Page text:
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More than 75% of patients with long-term Covid were not hospitalized for initial illness, study finds

More than 75% of patients with long-term Covid were not hospitalized for initial illness, study finds
Written by admin_3fxxacau

More than three-quarters of Americans diagnosed with long Covid were not sick enough to be hospitalized for their initial infection, a new analysis tens of thousands of private insurance claims reported Wednesday.

Researchers analyzed data from the first few months after doctors began using a special diagnostic code for the condition that was created last year. The results paint a sobering picture of the severe and ongoing impact of Covid on people’s health and the American healthcare system.

Long Covid, a complex constellation of persistent or new post-infection symptoms that can last for months or longer, has become one of the most daunting legacies of the pandemic. Estimates of the number of people likely to be ultimately affected range from 10-30% of infected adults; a recent report from the United States Office of Government Accountability said between 7.7 million and 23 million people in the United States could have long developed Covid. But much remains unclear about the prevalence, causes, treatment and consequences of the disease.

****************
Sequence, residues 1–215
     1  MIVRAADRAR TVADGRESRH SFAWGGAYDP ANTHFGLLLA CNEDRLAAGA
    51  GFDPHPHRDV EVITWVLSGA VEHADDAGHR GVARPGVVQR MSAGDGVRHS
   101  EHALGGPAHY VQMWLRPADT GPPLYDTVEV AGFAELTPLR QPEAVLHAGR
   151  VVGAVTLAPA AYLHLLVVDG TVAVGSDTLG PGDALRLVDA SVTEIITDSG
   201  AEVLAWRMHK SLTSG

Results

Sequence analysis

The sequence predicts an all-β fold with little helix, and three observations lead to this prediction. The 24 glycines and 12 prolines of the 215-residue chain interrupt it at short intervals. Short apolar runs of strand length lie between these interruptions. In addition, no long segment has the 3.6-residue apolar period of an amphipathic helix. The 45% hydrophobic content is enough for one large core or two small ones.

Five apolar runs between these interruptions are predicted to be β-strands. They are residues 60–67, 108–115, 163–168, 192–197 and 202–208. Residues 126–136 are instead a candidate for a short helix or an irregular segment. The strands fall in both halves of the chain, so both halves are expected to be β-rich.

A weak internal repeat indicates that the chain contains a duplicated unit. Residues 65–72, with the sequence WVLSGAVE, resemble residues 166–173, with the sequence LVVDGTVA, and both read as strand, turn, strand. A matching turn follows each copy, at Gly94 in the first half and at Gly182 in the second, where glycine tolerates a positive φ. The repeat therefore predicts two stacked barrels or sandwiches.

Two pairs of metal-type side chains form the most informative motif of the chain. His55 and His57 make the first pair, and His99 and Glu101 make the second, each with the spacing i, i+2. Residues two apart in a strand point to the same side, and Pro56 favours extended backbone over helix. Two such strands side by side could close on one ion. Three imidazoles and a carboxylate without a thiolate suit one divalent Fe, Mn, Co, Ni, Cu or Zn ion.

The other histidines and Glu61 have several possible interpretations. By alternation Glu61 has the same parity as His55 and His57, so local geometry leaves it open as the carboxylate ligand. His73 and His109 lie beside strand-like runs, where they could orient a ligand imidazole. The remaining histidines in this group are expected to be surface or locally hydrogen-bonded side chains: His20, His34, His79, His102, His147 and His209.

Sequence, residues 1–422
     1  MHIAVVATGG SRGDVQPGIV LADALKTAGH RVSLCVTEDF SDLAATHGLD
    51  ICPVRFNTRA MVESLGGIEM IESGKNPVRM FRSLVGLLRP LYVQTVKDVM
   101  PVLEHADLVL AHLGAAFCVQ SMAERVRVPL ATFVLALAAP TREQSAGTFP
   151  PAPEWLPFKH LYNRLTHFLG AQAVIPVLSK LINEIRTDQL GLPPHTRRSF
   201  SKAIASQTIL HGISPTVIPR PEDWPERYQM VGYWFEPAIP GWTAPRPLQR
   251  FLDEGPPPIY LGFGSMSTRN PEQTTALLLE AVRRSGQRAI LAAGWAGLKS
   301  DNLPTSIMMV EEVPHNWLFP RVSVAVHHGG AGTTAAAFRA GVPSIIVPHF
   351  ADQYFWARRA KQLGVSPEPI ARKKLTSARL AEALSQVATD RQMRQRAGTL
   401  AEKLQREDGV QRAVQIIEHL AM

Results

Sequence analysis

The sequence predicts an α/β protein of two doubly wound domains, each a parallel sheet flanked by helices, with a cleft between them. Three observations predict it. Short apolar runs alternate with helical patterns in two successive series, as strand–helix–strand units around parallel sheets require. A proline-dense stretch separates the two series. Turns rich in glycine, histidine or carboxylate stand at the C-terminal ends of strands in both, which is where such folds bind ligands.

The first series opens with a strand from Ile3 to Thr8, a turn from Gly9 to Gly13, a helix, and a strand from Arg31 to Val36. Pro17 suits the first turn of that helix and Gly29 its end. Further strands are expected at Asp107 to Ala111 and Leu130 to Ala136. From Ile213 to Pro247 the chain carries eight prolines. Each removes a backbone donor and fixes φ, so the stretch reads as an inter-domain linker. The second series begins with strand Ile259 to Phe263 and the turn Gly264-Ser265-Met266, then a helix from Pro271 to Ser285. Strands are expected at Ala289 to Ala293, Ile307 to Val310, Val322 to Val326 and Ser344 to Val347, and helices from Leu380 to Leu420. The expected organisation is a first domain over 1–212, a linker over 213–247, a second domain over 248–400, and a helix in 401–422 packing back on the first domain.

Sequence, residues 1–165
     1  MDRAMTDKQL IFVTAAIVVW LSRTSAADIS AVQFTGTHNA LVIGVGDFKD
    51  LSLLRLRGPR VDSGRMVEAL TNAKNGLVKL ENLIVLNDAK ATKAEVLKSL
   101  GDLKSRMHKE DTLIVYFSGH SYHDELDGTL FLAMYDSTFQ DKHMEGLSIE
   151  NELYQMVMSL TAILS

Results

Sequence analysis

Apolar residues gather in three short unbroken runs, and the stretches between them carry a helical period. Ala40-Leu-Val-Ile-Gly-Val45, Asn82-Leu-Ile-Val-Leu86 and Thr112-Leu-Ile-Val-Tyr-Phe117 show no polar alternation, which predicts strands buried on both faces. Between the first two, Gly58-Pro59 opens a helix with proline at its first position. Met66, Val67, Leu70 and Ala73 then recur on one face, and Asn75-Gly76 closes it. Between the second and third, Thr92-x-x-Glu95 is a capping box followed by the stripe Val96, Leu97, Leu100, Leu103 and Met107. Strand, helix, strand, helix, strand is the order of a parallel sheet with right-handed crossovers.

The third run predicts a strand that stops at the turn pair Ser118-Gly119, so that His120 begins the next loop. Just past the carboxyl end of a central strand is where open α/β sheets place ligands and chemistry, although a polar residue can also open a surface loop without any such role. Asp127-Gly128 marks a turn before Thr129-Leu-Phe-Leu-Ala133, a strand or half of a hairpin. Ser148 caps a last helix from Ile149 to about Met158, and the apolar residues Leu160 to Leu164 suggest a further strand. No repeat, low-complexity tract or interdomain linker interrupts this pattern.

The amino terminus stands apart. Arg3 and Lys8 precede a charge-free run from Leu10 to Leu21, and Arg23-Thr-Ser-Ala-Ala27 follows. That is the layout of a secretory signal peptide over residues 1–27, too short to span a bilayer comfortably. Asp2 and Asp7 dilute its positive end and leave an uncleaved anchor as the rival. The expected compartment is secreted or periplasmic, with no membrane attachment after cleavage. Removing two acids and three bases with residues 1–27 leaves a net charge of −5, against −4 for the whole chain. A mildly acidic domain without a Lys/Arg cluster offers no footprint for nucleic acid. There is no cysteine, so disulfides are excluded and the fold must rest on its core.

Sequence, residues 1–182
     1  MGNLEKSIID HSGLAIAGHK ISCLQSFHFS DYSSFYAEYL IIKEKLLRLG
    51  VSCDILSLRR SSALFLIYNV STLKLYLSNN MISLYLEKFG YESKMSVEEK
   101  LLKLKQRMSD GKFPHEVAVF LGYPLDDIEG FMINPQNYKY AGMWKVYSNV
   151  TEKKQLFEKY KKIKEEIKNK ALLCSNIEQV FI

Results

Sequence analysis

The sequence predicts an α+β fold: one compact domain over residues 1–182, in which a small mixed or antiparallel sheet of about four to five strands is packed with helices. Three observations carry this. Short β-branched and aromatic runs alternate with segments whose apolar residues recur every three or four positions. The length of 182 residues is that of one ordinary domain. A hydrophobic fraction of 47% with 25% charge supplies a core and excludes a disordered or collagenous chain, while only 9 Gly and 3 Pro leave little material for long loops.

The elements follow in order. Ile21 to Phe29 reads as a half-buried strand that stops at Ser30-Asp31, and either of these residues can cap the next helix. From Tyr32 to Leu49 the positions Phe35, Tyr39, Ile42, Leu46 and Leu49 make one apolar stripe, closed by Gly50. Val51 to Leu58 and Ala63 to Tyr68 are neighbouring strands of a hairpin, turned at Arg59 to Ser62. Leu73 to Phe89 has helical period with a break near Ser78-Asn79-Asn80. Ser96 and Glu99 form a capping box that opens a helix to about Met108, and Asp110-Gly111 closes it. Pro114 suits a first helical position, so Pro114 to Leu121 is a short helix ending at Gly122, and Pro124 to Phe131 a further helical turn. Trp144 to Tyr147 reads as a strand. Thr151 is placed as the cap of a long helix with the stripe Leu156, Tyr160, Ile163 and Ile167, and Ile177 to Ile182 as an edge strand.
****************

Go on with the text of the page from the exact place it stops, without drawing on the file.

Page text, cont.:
The new study adds to a growing body of evidence that, although hospitalized patients are at greater risk of long Covid, people with mild or moderate initial coronavirus infections – who make up the vast majority of patients with from coronavirus – can still experience debilitating post-Covid symptoms, including respiratory problems, extreme fatigue and cognitive and memory problems.

“It’s generating a pandemic of people who haven’t been hospitalized, but have ended up with this increased disability,” said Dr. Paddy Ssentongo, assistant professor of infectious disease epidemiology at Penn State, who did not. participated in the new study.

The analysis, based on what the report calls the largest database of private health insurance claims in the United States, found 78,252 patients who were diagnosed with the new International Classification of Diseases code – code diagnostic U09.9 for “Post-COVID-19 status, unspecified” – between October 1, 2021 and January 31, 2022.